previous next

And Phylarchus, in the eleventh book of his History, says that Aeschylus says that the Curetes derived their name from their luxurious habits—
And their luxurious curls, like a fond girl's,
On which account they call'd him κουρῆτες.1
And Agathon in his Thyestes says, that "the suitors who courted the daughter of Pronax came sumptuously dressed in all other points, and also with very long, carefully dressed hair. And when they failed in obtaining her hand—
At least (say they) we cut and dress'd our hair,
To be an evidence of our luxury,
A lovely action of a cheerful mind;
And thence we gain'd the glory of a name,—
To be κουρῆτες, from our well-cut (κούριμος) hair."
And the people of Cumæ in Italy, as Hyperochus tells us, or whoever else it was who wrote the History of Cumæ which [p. 847] is attributed to him, wore golden brocaded garments all day, and robes embroidered with flowers; and used to go to the fields with their wives, riding in chariots.—And this is what I have to say about the luxury of nations and cities.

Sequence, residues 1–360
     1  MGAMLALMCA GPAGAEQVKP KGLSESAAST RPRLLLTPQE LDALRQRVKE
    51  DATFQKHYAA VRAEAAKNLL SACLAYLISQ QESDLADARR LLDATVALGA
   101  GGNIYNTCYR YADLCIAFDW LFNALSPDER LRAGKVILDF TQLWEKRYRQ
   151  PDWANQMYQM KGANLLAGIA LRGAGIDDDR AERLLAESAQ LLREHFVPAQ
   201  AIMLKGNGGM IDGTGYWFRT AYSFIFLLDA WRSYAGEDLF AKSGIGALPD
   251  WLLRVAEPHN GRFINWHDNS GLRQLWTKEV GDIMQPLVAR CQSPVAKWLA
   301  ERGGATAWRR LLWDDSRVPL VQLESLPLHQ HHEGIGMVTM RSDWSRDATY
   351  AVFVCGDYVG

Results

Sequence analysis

1 From κείρω, to cut and dress the hair.

Creative Commons License
This work is licensed under a Creative Commons Attribution-ShareAlike 3.0 United States License.

An XML version of this text is available for download, with the additional restriction that you offer Perseus any modifications you make. Perseus provides credit for all accepted changes, storing new additions in a versioning system.

load focus Greek (Charles Burton Gulick, 1927)
load focus Greek (Kaibel)
hide Display Preferences
Greek Display:
Arabic Display:
View by Default:
Browse Bar: